30-01-2021 by redazione
One million two hundred and fifty thousand vaccines in Kenya by next June.
After announcing earlier this year that health workers and employees of the national armed forces would be able to access the vaccinations from the end of February, the Kenyan Ministry of Health has drafted an update on the Covid-19 vaccination plan, according to a new arrangement that also involves the Council of Governors to ensure that vaccinations are carried out simultaneously in all counties and that at-risk and vulnerable groups are given priority.
The first vaccines are expected to be delivered at the end of February, and the vaccination programme will be divided into two phases.
The vaccination programme will be divided into three phases. In phase 1, Kenya has prioritised the vaccination of 1.25 million people between February and June 2021, when global vaccine supplies are expected to be limited.
People to be covered during this period include frontline health workers and all staff working in health facilities in both the public and private sectors. Workers performing essential services in key areas such as security and immigration are also prioritised.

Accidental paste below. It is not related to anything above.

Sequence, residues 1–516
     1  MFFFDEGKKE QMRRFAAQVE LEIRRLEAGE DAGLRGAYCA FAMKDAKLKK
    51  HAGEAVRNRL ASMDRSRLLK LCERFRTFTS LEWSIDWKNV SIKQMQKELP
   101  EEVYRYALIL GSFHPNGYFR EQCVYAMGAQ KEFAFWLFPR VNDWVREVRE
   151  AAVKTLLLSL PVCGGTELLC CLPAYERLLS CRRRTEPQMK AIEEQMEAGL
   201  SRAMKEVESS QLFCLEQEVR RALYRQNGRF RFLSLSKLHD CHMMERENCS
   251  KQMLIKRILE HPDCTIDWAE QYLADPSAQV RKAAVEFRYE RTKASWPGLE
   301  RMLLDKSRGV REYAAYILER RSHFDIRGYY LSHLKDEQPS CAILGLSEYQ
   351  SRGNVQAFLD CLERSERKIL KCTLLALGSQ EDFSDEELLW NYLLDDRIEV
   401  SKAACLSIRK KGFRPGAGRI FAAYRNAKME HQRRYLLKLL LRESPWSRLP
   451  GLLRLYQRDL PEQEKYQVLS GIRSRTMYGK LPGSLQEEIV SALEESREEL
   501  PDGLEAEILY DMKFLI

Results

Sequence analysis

During the second phase (July 2021 to June 2022) and when more vaccines are available, the plan is to vaccinate at least another 9.7 million Kenyans, targeting people over 50 and those over 18 with less worrisome health conditions.
As previously announced by Health Minister Mutahi Kagwe, the vaccines will not be compulsory, but the price for administering them to non-priority people is not yet known, nor will a private one be added to the state plan.
In the meantime, Covid-19 continues to cause cases (yesterday 141, but out of 5644 tests, with a percentage always quite low, 2.5%).
The total number of positives is 100,563, while those cured with yesterday's 64 more are 83,821.
Even in the last 24 hours, as has often been the case since the beginning of the year, there have been no deaths from the Coronavirus, and those admitted with symptoms number 477 throughout the country, while another 1368 are receiving care at home.
There are only 27 serious cases in intensive care. In a country of 50 million inhabitants, this is a derisory figure. If this continues, Covid-19 is much less scary than it was a few months ago.
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